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Has anyone used GE Reveal light bulbs for indoor photography?



 
 
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  #1  
Old November 30th 04, 12:27 AM
Viken Karaguesian
external usenet poster
 
Posts: n/a
Default Has anyone used GE Reveal light bulbs for indoor photography?

Hi all,

I've been wondering about these GE "Reveal" light bulbs. Can they be used
indoors for photography or are they not correctly color balanced? Until now,
I've been using an 81A (blue) filter when taking indoor pictures and
daylight balabced film.

Anyone know what color temp the lightbulbs are?

What happens if you use flash with these bulbs?

Thanks in advance for any replies.

Viken Karaguesian
http://home.comcast.net/~vikenk


  #2  
Old November 30th 04, 01:43 AM
Michael Benveniste
external usenet poster
 
Posts: n/a
Default

On Mon, 29 Nov 2004 19:27:00 -0500, "Viken Karaguesian"
wrote:

Hi all,

I've been wondering about these GE "Reveal" light bulbs. Can they be used
indoors for photography or are they not correctly color balanced? Until now,
I've been using an 81A (blue) filter when taking indoor pictures and
daylight balabced film.


I tried Reveals in a copystand. They are still considerably redder
than daylight. I recently ordered some full spectrum fluorescent
bulbs from Sunwave. I'll give those a try next.

--
Michael Benveniste --
Spam and UCE professionally evaluated for $419. Use this email
address only to submit mail for evaluation.

  #3  
Old November 30th 04, 03:44 PM
Alan Browne
external usenet poster
 
Posts: n/a
Default

Viken Karaguesian wrote:
Hi all,

I've been wondering about these GE "Reveal" light bulbs. Can they be used
indoors for photography or are they not correctly color balanced? Until now,
I've been using an 81A (blue) filter when taking indoor pictures and
daylight balabced film.

Anyone know what color temp the lightbulbs are?


On the ge websites, the bulb has a bluish tint, so some 'warmth' will be
filtered out. They mention neodymium as an element in the glass that provides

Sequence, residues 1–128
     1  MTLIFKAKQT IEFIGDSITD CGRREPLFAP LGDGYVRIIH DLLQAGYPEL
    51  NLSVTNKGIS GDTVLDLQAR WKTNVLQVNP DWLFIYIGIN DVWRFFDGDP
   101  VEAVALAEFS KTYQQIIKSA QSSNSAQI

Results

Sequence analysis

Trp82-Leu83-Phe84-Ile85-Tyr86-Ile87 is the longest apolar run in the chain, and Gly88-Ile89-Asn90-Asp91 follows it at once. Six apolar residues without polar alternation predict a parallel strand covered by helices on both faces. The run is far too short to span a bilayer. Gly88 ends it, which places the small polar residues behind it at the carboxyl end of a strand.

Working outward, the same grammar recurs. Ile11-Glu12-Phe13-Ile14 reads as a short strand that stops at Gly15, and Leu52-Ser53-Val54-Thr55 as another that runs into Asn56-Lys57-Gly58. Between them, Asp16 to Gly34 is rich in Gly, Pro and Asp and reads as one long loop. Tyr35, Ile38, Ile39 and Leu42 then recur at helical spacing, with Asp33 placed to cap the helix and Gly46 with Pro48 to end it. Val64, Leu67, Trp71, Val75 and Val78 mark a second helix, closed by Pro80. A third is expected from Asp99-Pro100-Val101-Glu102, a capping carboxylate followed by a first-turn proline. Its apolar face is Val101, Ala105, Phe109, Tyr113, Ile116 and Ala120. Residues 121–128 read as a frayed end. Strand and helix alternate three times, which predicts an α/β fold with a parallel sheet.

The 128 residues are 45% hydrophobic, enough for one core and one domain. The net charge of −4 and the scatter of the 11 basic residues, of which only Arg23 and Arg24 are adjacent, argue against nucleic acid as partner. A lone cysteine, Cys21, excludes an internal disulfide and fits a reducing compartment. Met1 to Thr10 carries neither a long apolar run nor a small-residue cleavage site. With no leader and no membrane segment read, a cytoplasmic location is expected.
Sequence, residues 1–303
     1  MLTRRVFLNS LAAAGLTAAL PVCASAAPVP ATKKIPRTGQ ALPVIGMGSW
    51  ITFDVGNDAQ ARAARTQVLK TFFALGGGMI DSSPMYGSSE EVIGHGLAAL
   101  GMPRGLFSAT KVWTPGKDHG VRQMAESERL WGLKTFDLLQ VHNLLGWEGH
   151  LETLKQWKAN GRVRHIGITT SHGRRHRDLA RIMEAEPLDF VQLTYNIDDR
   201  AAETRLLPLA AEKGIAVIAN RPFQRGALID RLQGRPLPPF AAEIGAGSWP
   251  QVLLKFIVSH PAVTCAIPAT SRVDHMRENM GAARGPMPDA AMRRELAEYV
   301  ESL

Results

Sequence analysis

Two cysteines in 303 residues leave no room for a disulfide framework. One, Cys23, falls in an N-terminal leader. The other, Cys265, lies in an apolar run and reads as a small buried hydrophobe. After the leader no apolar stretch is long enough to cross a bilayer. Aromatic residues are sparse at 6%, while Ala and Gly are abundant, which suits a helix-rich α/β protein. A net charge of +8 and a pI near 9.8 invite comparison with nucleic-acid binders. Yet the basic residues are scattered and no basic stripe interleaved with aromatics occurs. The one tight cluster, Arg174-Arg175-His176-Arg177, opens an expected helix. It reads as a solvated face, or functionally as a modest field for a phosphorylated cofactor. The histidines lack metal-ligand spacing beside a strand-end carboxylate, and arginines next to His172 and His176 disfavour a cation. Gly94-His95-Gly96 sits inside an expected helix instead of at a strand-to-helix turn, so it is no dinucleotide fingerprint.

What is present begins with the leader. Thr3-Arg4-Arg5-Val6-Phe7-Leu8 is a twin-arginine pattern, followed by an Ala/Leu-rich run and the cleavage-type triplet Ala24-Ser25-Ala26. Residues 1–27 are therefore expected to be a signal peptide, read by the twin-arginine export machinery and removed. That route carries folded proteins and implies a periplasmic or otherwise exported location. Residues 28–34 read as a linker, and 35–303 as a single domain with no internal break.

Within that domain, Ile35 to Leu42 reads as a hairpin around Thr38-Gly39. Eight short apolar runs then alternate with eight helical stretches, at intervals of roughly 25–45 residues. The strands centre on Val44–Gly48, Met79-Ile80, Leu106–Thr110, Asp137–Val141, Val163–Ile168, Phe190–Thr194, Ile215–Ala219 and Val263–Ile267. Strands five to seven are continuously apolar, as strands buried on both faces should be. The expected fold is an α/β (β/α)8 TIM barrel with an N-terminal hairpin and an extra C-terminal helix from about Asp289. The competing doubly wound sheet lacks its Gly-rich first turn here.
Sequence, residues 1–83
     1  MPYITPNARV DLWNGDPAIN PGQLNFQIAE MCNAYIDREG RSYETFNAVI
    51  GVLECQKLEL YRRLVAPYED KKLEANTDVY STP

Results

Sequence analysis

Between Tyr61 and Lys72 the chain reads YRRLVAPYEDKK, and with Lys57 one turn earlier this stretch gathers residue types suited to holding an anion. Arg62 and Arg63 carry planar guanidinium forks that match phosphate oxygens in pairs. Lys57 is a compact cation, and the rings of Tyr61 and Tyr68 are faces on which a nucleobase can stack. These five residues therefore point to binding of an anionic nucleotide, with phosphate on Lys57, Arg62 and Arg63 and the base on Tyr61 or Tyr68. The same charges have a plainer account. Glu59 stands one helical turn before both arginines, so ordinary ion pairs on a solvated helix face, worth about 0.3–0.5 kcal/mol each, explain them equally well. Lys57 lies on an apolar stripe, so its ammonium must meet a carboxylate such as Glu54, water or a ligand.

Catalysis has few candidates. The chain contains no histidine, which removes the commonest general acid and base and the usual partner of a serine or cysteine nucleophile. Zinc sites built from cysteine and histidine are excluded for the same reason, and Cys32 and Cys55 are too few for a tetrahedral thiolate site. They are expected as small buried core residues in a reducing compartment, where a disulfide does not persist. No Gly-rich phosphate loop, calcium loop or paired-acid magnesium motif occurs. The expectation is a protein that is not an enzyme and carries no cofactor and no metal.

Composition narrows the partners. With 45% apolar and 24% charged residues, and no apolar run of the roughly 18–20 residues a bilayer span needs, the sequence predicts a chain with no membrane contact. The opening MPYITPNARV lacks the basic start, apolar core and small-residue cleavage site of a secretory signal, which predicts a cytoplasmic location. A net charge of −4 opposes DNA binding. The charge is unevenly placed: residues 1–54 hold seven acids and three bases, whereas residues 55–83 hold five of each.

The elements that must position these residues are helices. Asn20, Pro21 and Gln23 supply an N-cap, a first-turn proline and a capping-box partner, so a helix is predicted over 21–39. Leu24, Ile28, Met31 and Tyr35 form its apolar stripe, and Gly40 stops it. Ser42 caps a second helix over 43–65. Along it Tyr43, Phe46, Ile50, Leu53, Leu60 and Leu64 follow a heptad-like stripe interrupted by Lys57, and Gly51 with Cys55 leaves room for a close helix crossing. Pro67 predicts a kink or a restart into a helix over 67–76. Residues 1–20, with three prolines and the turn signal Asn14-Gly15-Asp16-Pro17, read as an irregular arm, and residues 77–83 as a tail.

filtering.

There is no meniton of the specific color temp. I've posted a question to them
asking the color temp.



What happens if you use flash with these bulbs?


Depends on the ratio of light between the two. A flash shot is a double
exposure where aperture/shutter applies to the ambeint light and aperture/flash
power applies to the flash light. Use an incident/flash meter to measure both,
if the flash light is 2 stops more than the ambient, then the coloration from
the ambient will probably not be perceptible (and the contribution won't be much
either).

Cheers,
Alan


--
-- r.p.e.35mm user resource: http://www.aliasimages.com/rpe35mmur.htm
-- r.p.d.slr-systems: http://www.aliasimages.com/rpdslrsysur.htm
-- [SI] gallery & rulz: http://www.pbase.com/shootin
-- e-meil: there's no such thing as a FreeLunch.
  #4  
Old November 30th 04, 03:44 PM
Alan Browne
external usenet poster
 
Posts: n/a
Default

Viken Karaguesian wrote:
Hi all,

I've been wondering about these GE "Reveal" light bulbs. Can they be used
indoors for photography or are they not correctly color balanced? Until now,
I've been using an 81A (blue) filter when taking indoor pictures and
daylight balabced film.

Anyone know what color temp the lightbulbs are?


On the ge websites, the bulb has a bluish tint, so some 'warmth' will be
filtered out. They mention neodymium as an element in the glass that provides
filtering.

There is no meniton of the specific color temp. I've posted a question to them
asking the color temp.



What happens if you use flash with these bulbs?


Depends on the ratio of light between the two. A flash shot is a double
exposure where aperture/shutter applies to the ambeint light and aperture/flash